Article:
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Exercises for Bigger Upper Body

The Kashmir Monitor





In the field of bodybuilding and fitness, most people, especially men look forward to have a large upper body. For many people, this means big chest and arms, canon ball shoulders, and wide back. In men, these are the features of a V-tapered physique they want to achieve for them to be more aesthetic.

Size and strength gains can be achieved through the execution of moderate number of low repetition sets, coupled with volume and intensity, according to Men’s Fitness. As per the publication, a blend of five sets of five, six sets of four, and eight sets of three will lead one of a developed upper body gains.

There are multiple programs one can do for a bigger chest. According to Muscle and Fitness, routines for a larger chest include the three sets of dumbbell bench press for 15 repetitions, in conjunction with push-ups of three sets with 20 repetitions; three to four sets of heavy weighted dip with eight to 12 repetitions, along with three to four sets of incline dumbbell flye for 12 repetitions; five sets of cable crossover ladder with eight to 20 repetitions; and 120 repetitions of cable pressdown.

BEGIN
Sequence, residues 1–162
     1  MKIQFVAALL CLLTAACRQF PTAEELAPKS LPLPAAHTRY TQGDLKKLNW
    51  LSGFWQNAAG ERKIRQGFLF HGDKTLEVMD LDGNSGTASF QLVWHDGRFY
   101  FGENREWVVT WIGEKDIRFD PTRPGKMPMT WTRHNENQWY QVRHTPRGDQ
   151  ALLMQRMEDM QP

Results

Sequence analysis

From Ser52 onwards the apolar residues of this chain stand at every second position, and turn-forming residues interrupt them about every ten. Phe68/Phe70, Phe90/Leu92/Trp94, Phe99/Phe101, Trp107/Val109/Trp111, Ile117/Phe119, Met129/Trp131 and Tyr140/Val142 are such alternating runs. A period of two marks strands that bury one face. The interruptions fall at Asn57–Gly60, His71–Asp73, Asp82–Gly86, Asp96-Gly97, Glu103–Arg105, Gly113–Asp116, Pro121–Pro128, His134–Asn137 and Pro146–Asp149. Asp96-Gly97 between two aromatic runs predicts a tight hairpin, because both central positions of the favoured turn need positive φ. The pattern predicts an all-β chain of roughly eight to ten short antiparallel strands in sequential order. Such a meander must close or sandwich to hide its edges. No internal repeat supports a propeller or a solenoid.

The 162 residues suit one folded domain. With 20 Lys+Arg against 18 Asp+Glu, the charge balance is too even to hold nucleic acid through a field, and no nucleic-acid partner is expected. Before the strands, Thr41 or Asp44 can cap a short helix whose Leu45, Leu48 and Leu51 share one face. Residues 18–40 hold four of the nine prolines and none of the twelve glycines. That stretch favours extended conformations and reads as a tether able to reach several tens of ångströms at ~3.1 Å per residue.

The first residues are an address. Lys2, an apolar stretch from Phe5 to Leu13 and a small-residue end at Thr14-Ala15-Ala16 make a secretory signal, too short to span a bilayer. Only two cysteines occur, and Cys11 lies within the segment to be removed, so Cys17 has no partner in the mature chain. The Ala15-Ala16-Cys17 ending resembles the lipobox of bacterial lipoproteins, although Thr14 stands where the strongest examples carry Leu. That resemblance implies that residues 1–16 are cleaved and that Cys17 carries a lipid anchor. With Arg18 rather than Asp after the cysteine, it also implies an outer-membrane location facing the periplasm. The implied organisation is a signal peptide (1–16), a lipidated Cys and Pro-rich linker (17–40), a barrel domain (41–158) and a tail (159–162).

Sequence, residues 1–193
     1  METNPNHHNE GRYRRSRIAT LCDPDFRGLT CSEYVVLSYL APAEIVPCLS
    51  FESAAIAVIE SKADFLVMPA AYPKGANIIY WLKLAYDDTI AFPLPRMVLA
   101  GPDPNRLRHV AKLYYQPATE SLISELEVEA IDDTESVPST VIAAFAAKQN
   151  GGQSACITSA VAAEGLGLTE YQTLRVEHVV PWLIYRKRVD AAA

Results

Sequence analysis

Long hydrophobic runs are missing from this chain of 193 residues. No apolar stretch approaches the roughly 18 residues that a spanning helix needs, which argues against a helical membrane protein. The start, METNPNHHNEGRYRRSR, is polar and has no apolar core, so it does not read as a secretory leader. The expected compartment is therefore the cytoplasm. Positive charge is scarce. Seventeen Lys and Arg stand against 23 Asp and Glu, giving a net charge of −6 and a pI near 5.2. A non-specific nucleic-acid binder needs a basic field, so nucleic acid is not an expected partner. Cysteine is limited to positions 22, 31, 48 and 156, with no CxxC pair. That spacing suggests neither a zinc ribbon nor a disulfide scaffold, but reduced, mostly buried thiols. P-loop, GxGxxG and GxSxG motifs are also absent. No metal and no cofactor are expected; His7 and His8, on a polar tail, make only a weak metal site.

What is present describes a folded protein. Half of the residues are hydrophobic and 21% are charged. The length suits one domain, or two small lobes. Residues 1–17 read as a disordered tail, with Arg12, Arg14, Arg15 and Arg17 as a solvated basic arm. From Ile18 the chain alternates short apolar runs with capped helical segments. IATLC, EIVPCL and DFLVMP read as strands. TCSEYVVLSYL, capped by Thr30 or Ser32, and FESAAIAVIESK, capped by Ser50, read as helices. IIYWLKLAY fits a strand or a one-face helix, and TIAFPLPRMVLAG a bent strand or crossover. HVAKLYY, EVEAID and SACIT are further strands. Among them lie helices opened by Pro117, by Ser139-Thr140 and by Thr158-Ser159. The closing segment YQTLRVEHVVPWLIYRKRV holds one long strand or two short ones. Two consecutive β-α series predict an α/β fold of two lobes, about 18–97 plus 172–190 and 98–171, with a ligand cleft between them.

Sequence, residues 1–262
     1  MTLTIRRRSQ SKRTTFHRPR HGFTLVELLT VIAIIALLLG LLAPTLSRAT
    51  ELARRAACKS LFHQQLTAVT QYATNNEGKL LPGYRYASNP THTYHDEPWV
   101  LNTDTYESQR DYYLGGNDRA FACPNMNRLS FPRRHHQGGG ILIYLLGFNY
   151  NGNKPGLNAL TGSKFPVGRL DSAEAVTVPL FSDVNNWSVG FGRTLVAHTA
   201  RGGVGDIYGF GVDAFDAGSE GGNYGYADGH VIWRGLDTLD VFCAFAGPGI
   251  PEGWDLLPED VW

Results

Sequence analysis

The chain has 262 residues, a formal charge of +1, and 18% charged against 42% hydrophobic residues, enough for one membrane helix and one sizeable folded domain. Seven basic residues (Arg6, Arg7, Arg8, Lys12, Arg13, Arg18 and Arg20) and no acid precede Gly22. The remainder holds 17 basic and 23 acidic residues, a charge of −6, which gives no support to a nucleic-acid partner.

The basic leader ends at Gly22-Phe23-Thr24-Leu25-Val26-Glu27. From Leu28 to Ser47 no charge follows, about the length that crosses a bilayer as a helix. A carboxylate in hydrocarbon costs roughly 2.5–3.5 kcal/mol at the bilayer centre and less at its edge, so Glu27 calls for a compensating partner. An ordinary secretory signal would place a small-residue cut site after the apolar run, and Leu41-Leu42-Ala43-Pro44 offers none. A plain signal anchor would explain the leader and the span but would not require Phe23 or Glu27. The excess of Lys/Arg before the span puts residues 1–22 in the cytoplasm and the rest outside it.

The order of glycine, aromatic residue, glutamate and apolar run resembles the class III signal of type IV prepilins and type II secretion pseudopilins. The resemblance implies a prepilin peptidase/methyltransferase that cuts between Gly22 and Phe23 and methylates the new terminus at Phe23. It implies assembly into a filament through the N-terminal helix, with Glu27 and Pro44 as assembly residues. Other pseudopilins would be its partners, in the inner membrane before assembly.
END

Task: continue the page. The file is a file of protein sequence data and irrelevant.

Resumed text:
Aside from the chest and arm exercises, the back, shoulders, and traps workout also significant inclusions to a larger upper body. According to Muscle and Strength, the workout routines for the back, shoulders, and traps include five sets of shrugs with ten repetitions, three sets of seated dumbbell press with ten reps, five sets of pull ups to failure, five sets of seated cable rows with ten repetitions, three sets of barbell upright rows with ten repetitions, five sets of clean and press with five repetitions, and three sets of deadlifts with eight repetitions.

For the biceps, one can perform three sets of the seated dumbbell curl, with ten, eight, and six repetitions each set, as Men’s Fitness. This is done properly by sitting on an incline bench or seat with a backrest, holding a dumbbell in each hand. The upper arms are kept steady against the sides as the weights are curled simultaneously while the wrists are rotated outward so that the palms face in the top position. It is then held for a second while the biceps are squeezed, which is followed by a slow repetition of weights back to the starting point.

Aside from the dumbbell curls, other workout routines for the biceps include the barbell eight to twelve repetitions of barbell curls for two to three sets, eight to twelve repetitions of hammer curls for two to three sets, eight to twelve repetitions of preacher curls for two to three sets, and eight to twelve repetitions of cable curls for two to three sets. Rest for two minutes is allowed. According to Muscle and Strength, the bicep workout should be done once a week, with at least five rest days prior to the next bicep workout.